If the Knicks do make a major trade at the deadline, he could be asked to play even more minutes (he’s already averaging a career-high 18.1 MPG) should Danilo Gallinari or Wilson Chandler be dealt.
That’s why he isn’t going anywhere over All-Star break, instead preferring to rest up and work out.
“I’m staying in New York,” he said. “I’m staying and I’m working out. Really just work out, try and get the edge coming off the break. This will be the first time having an off day in like three or four months.
“I can’t afford to break it,” he continued. “I’ll leave that to the people with the big paychecks.”
Williams and Spurs forward Matt Bonner, the league’s most accurate 3-point shooter (50.4%), were both omitted from this year’s contest in favor of more popular players like Boston’s Paul Pierce (38.9%) and Ray Allen (45.6%), Golden State’s Dorell Wright (39.7%), Miami’s James Jones (42.7%), Cleveland’s Daniel Gibson (44.6%) and Oklahoma City’s Kevin Durant (33.8%).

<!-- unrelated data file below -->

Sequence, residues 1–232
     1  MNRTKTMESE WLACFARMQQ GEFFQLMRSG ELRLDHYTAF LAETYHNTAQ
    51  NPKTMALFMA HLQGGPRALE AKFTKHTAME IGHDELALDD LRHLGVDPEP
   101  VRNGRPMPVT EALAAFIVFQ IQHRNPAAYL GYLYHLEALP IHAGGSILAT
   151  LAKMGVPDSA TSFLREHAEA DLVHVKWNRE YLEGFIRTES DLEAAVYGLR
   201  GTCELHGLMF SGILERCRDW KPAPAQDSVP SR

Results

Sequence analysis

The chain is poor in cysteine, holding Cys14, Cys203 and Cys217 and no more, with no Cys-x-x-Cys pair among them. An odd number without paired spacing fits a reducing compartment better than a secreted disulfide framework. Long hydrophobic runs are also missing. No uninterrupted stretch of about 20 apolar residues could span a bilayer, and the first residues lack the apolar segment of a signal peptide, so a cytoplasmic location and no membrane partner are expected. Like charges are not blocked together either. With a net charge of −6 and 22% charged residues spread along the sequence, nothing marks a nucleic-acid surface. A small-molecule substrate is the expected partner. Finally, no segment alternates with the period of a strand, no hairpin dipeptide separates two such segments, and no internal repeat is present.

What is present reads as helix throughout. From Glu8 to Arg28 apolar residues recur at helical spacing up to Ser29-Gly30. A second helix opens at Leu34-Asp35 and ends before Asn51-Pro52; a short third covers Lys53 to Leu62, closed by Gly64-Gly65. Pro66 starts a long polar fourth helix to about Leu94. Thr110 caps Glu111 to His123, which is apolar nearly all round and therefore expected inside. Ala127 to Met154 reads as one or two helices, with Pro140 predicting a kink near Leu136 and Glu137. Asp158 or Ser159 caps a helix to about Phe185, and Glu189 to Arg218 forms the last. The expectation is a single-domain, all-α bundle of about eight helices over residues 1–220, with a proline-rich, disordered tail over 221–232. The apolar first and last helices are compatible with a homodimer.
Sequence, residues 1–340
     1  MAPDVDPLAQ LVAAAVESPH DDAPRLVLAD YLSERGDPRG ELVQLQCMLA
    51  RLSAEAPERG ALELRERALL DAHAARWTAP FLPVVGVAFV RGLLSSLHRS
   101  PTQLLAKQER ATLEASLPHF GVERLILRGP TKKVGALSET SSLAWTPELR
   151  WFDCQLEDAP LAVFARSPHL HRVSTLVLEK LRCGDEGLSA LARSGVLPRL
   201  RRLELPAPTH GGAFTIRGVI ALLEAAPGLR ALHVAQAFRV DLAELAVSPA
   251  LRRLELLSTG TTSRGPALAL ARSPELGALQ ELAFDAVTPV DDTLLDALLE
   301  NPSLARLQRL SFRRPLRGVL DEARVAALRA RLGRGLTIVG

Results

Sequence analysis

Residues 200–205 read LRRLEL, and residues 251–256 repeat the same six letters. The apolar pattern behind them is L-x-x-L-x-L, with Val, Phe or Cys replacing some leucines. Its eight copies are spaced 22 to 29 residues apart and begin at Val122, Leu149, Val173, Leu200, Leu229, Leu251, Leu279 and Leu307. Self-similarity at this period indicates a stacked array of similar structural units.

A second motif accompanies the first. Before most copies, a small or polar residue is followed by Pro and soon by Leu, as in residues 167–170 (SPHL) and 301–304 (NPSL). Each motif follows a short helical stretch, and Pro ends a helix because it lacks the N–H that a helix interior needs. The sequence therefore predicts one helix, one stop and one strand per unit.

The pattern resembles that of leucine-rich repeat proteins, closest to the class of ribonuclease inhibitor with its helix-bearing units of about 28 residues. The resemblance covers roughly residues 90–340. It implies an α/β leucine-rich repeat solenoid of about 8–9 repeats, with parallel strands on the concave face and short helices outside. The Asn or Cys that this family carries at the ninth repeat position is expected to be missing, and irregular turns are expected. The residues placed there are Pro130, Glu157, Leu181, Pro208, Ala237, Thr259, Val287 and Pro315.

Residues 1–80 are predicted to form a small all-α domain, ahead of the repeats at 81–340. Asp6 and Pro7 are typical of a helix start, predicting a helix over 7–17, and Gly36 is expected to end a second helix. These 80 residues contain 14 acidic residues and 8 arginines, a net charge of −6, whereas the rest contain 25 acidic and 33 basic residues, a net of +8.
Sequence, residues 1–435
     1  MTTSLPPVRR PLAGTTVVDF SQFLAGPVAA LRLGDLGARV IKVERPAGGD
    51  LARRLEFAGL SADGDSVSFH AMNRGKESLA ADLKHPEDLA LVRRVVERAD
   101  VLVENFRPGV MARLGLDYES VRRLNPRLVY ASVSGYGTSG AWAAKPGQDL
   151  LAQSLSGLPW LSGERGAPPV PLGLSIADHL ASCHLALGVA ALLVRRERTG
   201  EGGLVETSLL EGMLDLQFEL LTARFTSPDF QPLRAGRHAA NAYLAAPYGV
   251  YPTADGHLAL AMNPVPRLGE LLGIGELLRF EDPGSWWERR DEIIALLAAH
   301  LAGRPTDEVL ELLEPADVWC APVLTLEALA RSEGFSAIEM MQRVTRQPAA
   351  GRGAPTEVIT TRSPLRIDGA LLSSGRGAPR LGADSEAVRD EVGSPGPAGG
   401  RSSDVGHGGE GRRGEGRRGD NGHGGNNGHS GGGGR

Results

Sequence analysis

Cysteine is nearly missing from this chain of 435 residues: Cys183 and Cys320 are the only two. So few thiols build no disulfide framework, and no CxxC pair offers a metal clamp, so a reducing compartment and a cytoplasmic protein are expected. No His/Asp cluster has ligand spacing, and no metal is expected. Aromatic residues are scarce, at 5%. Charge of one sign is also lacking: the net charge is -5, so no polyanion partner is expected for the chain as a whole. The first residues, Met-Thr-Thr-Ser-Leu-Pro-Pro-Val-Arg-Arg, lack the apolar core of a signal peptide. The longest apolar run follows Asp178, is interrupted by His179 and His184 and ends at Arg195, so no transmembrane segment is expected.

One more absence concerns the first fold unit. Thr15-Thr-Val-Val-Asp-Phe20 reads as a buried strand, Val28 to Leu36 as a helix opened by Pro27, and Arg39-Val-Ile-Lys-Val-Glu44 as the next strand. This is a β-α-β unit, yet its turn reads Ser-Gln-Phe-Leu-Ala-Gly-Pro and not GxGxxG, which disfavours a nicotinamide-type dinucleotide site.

Durant’s low percentage seemingly opened the door for some other Knicks like Gallinari (34.6%) and Toney Douglas (34.7%), but again, these guys weren’t heartbroken to be left out.
“I think the best shooters have to go,” Gallinari said of Durant. “He can do a lot of stuff, but he’s not just a 3-point shooter.
“I wasn’t surprised,” Gallinari continued. “I thought that my percentage was not that high like the players that are going. I was not expecting to go. I think it’s something that, if it comes, great, if it doesn’t it’s not a big deal.”
NBA Is Down With The Clown
How accurate is the McDonald’s High School All-American Game at predicting future NBA talent? Apparently, pretty accurate.
The 146 McDonald’s All Americans currently in the NBA have combined to make 155 All-Star Game appearances. In fact, eight of the 10 starters for this year’s All-Star Game are former McDonald’s All Americans.
The last team to win an NBA title without a McDonald’s All American was the 1982-1983 76ers, which means that 28 of the past 29 champs had at least one player who appeared in the high school game. To this date, 87 NBA titles have been won by 54 former All Americans.
McDonald’s All Americans have been selected with the first pick in the NBA Draft 20 times, they’ve won Rookie of the Year 18 times and six former All Americans have combined to win 13 MVP awards.
The 34th installment of the McDonald’s All-American Game will take place at Chicago’s United Center on March 30. Click here for more information.